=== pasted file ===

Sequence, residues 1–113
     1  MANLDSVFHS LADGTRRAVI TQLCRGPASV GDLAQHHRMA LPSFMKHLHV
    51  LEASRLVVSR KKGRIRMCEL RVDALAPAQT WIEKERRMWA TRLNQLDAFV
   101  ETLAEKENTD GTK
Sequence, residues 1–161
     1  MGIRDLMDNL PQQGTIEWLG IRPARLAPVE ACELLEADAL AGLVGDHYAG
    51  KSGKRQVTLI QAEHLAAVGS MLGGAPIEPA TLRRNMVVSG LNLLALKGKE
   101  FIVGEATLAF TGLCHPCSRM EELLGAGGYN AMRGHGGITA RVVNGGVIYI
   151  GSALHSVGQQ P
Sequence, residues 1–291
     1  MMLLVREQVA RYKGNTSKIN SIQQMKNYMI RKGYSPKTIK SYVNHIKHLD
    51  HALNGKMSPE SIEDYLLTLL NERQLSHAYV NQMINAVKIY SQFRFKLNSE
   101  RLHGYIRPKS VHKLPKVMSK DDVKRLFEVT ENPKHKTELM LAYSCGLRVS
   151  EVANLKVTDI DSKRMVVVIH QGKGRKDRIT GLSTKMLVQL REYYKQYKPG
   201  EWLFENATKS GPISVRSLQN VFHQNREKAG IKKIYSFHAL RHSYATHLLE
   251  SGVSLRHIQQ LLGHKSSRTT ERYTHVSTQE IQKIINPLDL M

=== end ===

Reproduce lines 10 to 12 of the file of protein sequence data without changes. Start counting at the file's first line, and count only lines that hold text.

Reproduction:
Sequence, residues 1–291
     1  MMLLVREQVA RYKGNTSKIN SIQQMKNYMI RKGYSPKTIK SYVNHIKHLD
    51  HALNGKMSPE SIEDYLLTLL NERQLSHAYV NQMINAVKIY SQFRFKLNSE